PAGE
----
• Lack of adequate number of troops and resources have led to insecurity.
    • ‘Clear and sweep’ operations by US forces on ground backed by air power has caused civilian casualties and further antagonised the people.
    • Despite promises of economic assistance, Afghanistan not on path of stability. Most aid for Afghanistan goes back to donor countries in the form of contracts and salaries and aid through international donors has been plagued by leakages, corruption and delays.
    • Lack of co-ordination in aid distribution and strategy to quell insurgency.
    • Many actors working in uncoordinated manner impedes counterinsurgency efforts.
    • Need to secure key centres and improve conditions to eliminate support for insurgency
    • ‘Clear, Hold and Build’ Strategy – clear area of enemy, holding the territory, building infrastructure and resources and engaging with local community important.
    • Need to involve Afghan forces in counterinsurgency operation.
    • Need to understand local culture and sensitise forces to local customs.
    • Stable Afghanistan requires long term, integrated political, military and economic strategy.

    Discussant 1: Thomas Marks

    • This theme has surfaced in other sessions also. If terrorism is a regional problem, why does this session speak only of US and NATO.
    • Stability operations are not the same as counterinsurgency operations. Numbers matter in counterinsurgency operations.
    • The other important player apart from the US and NATO is Great Britain. India can also provide some support as a regional player.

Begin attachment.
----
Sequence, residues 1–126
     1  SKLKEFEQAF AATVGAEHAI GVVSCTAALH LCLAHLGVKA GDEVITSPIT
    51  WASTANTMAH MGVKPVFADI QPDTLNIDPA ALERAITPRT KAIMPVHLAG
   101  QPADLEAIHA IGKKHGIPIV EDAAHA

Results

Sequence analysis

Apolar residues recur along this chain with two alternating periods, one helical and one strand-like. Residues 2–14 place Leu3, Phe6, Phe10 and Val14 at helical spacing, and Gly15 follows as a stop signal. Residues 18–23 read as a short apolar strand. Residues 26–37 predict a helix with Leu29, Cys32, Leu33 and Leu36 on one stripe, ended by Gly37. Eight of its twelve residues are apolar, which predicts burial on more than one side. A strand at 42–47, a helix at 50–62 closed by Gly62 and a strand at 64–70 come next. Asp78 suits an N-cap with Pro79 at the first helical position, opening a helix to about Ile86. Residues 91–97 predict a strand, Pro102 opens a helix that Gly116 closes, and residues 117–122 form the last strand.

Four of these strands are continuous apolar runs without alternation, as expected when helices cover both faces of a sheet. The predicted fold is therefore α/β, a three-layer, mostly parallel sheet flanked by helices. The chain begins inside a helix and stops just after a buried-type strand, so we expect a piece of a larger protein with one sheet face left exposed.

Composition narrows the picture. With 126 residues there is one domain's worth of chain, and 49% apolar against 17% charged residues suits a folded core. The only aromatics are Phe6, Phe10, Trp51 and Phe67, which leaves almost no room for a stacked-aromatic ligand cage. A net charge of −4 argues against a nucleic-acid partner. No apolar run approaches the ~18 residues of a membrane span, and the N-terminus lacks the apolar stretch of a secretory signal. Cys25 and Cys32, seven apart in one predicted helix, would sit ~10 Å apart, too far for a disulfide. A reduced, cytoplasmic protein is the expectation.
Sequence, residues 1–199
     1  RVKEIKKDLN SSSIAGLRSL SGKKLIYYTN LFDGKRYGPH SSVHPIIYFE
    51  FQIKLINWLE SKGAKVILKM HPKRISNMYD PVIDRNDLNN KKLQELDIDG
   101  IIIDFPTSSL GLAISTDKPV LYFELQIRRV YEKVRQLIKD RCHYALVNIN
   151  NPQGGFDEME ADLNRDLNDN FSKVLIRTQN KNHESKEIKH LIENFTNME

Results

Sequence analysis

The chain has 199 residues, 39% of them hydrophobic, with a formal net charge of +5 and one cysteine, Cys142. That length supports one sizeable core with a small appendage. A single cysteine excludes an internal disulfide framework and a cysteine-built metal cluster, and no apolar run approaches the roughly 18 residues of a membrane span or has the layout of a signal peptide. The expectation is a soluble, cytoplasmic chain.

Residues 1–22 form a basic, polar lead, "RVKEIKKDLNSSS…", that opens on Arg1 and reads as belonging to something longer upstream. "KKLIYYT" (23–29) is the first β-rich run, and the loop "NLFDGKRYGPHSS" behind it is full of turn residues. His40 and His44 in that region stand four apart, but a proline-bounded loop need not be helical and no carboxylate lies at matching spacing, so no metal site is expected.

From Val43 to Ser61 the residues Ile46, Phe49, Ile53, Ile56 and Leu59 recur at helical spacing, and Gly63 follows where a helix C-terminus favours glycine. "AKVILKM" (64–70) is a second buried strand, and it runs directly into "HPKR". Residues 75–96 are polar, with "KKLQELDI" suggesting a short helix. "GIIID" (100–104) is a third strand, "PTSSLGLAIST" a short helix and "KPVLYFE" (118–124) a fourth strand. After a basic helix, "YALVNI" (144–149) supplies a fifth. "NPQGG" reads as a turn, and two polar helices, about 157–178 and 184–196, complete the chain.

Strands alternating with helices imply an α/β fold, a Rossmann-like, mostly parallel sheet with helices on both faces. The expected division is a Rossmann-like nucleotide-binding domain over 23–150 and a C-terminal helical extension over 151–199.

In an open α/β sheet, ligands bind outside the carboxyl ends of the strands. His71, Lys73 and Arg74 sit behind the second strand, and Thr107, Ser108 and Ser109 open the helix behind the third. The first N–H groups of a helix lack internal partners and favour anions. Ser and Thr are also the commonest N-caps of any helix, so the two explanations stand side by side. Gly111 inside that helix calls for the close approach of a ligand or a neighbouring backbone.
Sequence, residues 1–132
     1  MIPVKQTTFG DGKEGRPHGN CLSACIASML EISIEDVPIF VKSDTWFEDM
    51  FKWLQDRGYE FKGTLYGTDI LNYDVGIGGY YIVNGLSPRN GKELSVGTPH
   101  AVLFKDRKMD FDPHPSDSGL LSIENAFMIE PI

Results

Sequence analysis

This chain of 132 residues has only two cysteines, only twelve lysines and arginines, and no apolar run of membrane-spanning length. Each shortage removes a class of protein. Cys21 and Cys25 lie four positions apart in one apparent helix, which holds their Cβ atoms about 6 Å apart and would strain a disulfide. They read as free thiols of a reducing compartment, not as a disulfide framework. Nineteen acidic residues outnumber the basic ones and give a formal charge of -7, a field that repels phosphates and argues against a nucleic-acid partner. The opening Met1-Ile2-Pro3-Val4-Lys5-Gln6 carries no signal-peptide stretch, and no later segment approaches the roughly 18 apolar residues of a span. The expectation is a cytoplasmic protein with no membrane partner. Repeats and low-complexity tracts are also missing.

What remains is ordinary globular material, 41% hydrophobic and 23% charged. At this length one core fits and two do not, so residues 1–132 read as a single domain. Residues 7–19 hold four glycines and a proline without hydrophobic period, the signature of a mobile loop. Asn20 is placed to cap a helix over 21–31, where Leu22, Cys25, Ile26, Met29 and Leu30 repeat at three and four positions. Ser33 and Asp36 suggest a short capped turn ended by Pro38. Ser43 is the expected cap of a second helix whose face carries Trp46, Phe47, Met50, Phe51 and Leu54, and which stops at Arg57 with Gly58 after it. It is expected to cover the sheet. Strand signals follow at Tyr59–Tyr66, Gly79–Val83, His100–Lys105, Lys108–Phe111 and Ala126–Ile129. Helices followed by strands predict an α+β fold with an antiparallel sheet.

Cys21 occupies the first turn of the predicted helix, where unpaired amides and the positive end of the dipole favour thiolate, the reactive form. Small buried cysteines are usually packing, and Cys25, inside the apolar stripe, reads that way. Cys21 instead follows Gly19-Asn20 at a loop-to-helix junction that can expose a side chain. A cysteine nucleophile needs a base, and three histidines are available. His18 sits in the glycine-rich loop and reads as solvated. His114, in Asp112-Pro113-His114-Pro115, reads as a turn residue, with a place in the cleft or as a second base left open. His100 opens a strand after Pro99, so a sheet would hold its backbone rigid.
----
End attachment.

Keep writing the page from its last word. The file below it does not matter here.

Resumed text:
• There is a lack of unified command in Afghanistan.
    • Fighting drug trafficking in a situation of criminal set-up is different from fighting drug-trafficking in a stable environment.
    • The need is to move on from description to prescription. Example: while addressing corruption as an issue, we need to understand how to do it. It is imperative to take issues of policy relevance.

    Discussant 2:Vishal Chandra

    • We need to look at Afghanistan from the historical context. Afghan kings have always ruled from a weak centre while depending on strong provincial heads.
    • Karzai’s government also depends on provincial heads.
    • In Afghanistan, a distinction should be made between nation building and state building. State building is what Afghanistan needs today and nation building goes on for centuries and should be left to the Afghans.
    • The Bonn process and the war on terror need to work hand in hand for success in Afghanistan.
    • We need to understand the tribal spill over across the Durand line. Counterinsurgency will not work without understanding this complex dynamics.
    • Afghanistan is too dynamic to be anyone’s strategic backyard.
    • Asian countries with resources should come forward for rebuilding Afghanistan.
    • India-Afghanistan have had normal state to state relations since the 1950s.
    • If India scales back reconstruction process, what is the guarantee that Taliban and Pakistan will not have problems with the government?

    Q & A
    Comments and Questions